Aerial surveying

Photo: Ole Munck Riberholt

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With COWI’s investment in the latest large format digital cameras, heat-sensitive camera systems, LiDAR systems and oblique image systems, we can ensure efficient airborne data acquisition and the delivery of high quality products.

Our aircraft are on flight missions all over the world. At COWI, we have many years of experience in optimizing and adapting specifications and data structures so that digital vector maps meet our clients' present and future demands.

Mapping tasks all over the worldCOWI’s aircraft and various camera systems are used in complex mapping tasks all over the world. Recent projects are for example the aerial survey of Qatar for the Qatar National Aerial Mapping 2008, the production of a nationwide orthophoto of Serbia, Lithuania as well as 275.000 sqkm in Namibia, the laser scanning of Lithuania and Sweden, accurate digital elevation models for roads in Oman and the update and improvement of the Ordnance Survey Great Britan's (OSGB) digital map data as well as the acquisition of oblique images covering a number of cities including Doha, Munich and Gothenburg.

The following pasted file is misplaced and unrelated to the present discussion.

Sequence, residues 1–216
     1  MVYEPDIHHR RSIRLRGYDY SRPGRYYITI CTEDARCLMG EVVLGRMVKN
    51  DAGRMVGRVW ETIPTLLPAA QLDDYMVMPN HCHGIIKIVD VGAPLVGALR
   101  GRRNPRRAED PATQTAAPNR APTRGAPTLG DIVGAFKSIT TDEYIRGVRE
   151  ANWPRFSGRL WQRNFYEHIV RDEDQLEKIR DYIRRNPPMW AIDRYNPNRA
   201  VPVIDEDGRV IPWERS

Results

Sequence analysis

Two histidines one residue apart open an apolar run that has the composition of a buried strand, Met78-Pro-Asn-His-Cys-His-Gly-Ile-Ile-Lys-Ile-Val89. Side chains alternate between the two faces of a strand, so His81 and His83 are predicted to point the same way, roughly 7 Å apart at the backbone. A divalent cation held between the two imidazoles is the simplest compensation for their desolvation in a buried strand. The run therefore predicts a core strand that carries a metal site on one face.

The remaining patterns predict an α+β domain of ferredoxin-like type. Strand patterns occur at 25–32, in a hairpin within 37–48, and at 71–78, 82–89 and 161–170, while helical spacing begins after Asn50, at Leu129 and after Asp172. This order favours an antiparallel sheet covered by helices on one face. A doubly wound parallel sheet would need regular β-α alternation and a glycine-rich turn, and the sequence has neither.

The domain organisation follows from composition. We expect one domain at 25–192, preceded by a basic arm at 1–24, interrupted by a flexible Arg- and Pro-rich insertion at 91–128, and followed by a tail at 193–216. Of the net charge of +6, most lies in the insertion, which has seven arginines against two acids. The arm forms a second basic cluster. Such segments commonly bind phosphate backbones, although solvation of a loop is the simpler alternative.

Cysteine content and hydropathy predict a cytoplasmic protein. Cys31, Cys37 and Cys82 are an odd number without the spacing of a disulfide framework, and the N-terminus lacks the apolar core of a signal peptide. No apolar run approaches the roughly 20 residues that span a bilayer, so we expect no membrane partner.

Mapping temperatures to assess cool and heat loss With the investment in a new thermal camera system COWI is ready to conduct aerial surveys to identify badly insulated offices, residential housing as well as industrial complexes. This may concern cooling as well as heating. The system can equally identify leaks and malfunctioning of water supply networks, oil pipelines and air conditioning systems. The temperature maps from the thermal survey can be used to analyse the existence and extend of the urban heat island in major cities, where the central part is being heated up. The data can be used by authorities, research and commercial companies.

Our aerial surveying is used for:

• Mapping and updating of digital maps
• Acquisition of orthophotos and oblique photos
• Laser scanning for the creation of Digital Elevation Models (DEM)
• Thermal survey to create temperature maps

LAST UPDATED: 15.02.2017